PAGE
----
What happened

Shares of Tilray (NASDAQ:TLRY) popped more than 20% last month, according to data provided by S&P Global Market Intelligence, after it reached a deal to extend a lock-up period with its largest shareholder.

So what

The Canadian marijuana company signed a nonbinding letter of intent with private equity firm Privateer Holdings, which will extend the lock-up period for up to two years on the 75 million Tilray shares it owns.

As part of the deal, Tilray will acquire Privateer and merge it with one of its subsidiaries. All Tilray shares held by Privateer will be canceled, and Privateer stockholders will receive newly issued shares of Tilray stock subject to a lock-up that allows the shares to be sold only under certain conditions over a two-year period. Over the first year, the shares will be sold only to institutional and strategic investors at the sole discretion of Tilray. The remaining shares will be released from the lock-up on a staggered schedule during the second year following the closing of the merger.

"We appreciate the long-term confidence that Privateer has in the Tilray business and we look forward to having their investors as part of our stockholder base," Tilray CFO Mark Castaneda said in a press release. "We believe this transaction will give Tilray greater control and operating flexibility, while allowing us to effectively manage our public float."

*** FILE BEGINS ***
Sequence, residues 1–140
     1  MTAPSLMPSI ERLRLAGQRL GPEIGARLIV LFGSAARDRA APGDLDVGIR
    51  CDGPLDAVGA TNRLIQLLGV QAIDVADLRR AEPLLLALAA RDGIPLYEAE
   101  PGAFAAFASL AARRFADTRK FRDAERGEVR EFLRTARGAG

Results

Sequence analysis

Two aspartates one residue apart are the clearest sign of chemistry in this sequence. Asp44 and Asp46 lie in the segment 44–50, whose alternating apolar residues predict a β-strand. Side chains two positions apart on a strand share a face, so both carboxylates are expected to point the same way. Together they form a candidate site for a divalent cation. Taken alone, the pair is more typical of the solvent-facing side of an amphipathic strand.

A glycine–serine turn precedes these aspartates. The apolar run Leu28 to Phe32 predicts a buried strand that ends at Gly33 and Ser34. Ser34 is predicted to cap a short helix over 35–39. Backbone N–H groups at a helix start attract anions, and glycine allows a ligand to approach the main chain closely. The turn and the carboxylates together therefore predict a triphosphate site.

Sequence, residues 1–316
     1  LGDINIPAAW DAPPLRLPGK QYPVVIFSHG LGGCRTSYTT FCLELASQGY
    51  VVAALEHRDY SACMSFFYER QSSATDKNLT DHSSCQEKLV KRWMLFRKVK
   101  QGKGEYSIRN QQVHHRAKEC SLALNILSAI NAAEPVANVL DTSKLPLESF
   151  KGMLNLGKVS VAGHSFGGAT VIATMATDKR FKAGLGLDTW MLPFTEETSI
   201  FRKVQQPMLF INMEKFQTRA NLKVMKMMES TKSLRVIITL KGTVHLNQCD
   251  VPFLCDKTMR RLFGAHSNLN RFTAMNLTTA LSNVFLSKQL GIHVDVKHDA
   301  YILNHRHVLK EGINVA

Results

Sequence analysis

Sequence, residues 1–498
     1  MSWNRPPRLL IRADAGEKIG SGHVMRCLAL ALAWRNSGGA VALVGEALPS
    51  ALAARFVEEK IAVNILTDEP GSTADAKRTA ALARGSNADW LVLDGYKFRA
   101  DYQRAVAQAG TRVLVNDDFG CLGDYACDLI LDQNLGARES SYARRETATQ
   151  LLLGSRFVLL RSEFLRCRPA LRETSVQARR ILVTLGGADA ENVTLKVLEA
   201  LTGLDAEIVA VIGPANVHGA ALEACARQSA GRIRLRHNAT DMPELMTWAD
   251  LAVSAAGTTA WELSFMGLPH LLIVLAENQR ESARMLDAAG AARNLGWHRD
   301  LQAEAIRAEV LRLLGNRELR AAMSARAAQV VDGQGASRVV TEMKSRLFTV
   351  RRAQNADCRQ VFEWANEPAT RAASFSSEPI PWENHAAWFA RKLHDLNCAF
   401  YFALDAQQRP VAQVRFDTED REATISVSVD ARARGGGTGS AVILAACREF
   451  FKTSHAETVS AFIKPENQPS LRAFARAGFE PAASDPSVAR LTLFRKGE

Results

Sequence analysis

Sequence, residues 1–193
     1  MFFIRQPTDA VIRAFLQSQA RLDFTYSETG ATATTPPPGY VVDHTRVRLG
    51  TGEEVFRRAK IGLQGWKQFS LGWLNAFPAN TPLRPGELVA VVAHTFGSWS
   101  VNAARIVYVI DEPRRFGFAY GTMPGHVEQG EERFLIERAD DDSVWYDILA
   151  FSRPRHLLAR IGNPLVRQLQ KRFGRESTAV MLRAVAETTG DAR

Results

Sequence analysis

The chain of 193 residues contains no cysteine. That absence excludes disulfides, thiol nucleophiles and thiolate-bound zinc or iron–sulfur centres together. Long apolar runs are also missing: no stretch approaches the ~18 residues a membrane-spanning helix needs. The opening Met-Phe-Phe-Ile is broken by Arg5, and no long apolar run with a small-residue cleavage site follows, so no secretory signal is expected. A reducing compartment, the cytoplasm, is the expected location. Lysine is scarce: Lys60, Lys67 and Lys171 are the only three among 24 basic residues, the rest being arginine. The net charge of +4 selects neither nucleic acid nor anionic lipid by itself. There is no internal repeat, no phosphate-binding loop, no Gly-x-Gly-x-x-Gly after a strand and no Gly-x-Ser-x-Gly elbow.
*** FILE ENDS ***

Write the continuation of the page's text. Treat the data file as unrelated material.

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Image source: Getty Images.

Now what

Privateer Holdings owns roughly 77% of Tilray's stock. If Privateer decided to exit its position, the additional supply of Tilray stock entering the marketplace could have pressured the cannabis producer's share price. With this risk now lessened, it's logical that investors bid up Tilray's stock price following the announcement of the deal in June.

Tilray can now focus its attention on expanding its international medical cannabis operations and its recently acquired Manitoba Harvest hemp foods business as it works toward reaching profitability in the year ahead.

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